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Student Pilot, Third Class Medical Expired, Special Issuance
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Answered By AOPA
So I've kind of hit the perfect storm of things all at once:
  • My flight school closed down due to COVID and I haven't heard news from them that they're back yet.
  • My third class medical expired in November
  • I have a special issuance due to some medications I'm on
  • I just had knee surgery so I don't consider myself fit to fly at the moment anyway, even if I were to get my flight physical.
Now with all this, would it be OK to get a new medical once my flight school opens back up and/or I've recovered enough from my knee surgery that I consider myself fit to fly? I'm no longer taking any pain killers, but even just driving my car is currently a bit of a challenge and probably will be for at least several more weeks.

If I understand how in general the FAA handles expirations of certificates and such, if I were to get a new medical in, say, January 2021, it would only be valid until November 2022, or two years after my original certificate expired based on my age. Am I correct here?

If it helps, I have kept up with sending all related paperwork concerning my special issuance to the FAA on time, so at least that bit is covered.

Thanks!
4 Replies
Votes
AOPA Staff Answer
Hi Luis,

In addition to renewing your Special Issuance, you will also need to notify the knee surgery you had performed. In the Authorization for Special issuance letter there is a section that states if the pilot has had any changes to their health status and/or changes to medications, the pilot must report these changes to the FAA.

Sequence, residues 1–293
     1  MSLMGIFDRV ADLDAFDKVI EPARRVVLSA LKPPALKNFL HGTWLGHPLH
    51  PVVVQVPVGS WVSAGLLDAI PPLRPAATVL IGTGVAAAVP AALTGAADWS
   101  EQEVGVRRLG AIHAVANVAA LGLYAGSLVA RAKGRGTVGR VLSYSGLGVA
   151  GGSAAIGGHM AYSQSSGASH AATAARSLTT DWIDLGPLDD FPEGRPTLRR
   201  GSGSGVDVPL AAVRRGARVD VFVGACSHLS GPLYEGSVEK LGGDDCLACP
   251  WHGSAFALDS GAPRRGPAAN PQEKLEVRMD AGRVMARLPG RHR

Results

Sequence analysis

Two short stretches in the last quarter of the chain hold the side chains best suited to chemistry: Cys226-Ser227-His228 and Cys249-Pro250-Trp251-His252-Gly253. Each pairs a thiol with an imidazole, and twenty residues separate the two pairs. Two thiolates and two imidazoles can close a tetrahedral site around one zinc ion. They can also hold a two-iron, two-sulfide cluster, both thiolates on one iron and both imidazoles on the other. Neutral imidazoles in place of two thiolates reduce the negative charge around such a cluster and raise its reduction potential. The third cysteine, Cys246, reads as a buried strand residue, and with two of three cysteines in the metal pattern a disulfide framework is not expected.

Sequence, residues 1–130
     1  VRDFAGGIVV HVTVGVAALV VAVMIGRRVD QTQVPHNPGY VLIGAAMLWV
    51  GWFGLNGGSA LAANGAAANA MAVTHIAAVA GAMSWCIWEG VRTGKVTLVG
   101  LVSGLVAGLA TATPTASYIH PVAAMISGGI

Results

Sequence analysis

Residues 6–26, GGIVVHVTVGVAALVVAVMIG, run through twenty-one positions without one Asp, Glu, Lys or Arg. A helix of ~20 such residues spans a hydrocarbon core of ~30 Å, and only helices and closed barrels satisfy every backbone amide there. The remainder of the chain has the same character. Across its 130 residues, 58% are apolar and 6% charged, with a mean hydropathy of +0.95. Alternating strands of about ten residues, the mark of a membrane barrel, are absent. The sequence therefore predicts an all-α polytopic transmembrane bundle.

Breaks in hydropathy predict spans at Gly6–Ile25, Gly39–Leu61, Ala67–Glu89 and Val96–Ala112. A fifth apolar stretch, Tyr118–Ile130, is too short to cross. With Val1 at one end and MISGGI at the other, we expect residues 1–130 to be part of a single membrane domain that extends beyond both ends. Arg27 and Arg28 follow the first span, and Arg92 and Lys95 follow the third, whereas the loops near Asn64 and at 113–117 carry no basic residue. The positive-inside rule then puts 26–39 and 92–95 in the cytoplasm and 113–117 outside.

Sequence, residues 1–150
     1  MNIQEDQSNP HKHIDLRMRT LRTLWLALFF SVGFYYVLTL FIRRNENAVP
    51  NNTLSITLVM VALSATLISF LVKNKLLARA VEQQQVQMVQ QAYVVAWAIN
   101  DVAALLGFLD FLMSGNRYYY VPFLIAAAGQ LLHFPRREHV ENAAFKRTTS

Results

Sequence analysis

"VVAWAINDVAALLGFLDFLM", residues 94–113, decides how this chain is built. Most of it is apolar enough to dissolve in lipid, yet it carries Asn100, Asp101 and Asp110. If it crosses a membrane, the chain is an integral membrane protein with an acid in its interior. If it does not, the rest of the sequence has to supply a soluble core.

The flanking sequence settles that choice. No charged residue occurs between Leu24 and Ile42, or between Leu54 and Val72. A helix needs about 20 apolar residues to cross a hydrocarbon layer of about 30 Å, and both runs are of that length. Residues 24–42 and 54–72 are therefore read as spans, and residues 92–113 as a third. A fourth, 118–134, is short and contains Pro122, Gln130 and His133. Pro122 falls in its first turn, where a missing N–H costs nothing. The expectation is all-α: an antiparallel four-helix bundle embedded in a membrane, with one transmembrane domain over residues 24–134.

One of the benefits of your AOPA membership is to discuss what documentation you will need to provide when you report this change to the FAA. At your earliest convenience please call the AOPA Medical Certification department to discuss this further. 1-800-872-2672 #3
Votes
1230 Posts
Luis Arruda:
Now with all this, would it be OK to get a new medical once my flight school opens back up and/or I've recovered enough from my knee surgery that I consider myself fit to fly?
 
Absolutely yes. And you don't have to wait for the flight school to reopen, either.  You can do it as soon as you meet the FAA requirements for the class of certificate for which you apply.  Of course, if you have any doubts whatsoever, discuss this with the AME before you submit your application on MedXPress.
 
Luis Arruda:
If I understand how in general the FAA handles expirations of certificates and such, if I were to get a new medical in, say, January 2021, it would only be valid until November 2022, or two years after my original certificate expired based on my age. Am I correct here?
No. Your new medical will expire based on the date of examination on the medical. If you're under 40 the day you take that exam, your Third Class will be good for 60 calendar months (5 years) from that exam date. If you're 40 or older, it's 24 calendar months (2 years) from the date of the exam. The date of your last medical is irrelevant to this discussion. The only other limitation might come from your SI, but that will be written in the SI letter you have and if it's not "standard", that will be stated in the limitation block of the new medical certificate (my Second Class has a 1-year limit for all classes due to my SI).
Votes
1230 Posts
Vampiress At AOPA:

In addition to renewing your Special Issuance, you will also need to notify the knee surgery you had performed. In the Authorization for Special issuance letter there is a section that states if the pilot has had any changes to their health status and/or changes to medications, the pilot must report these changes to the FAA
 

Is reporting that knee surgery in Block 18 of his medical application sufficient?

Votes
That is a great question Ron. The pilot would indeed need to check Box 18x, however the FAA will request documentation that pertains to the surgery and the pilots recovery. This would include specific hospital and/or surgery records as well as treatment records and a current status report.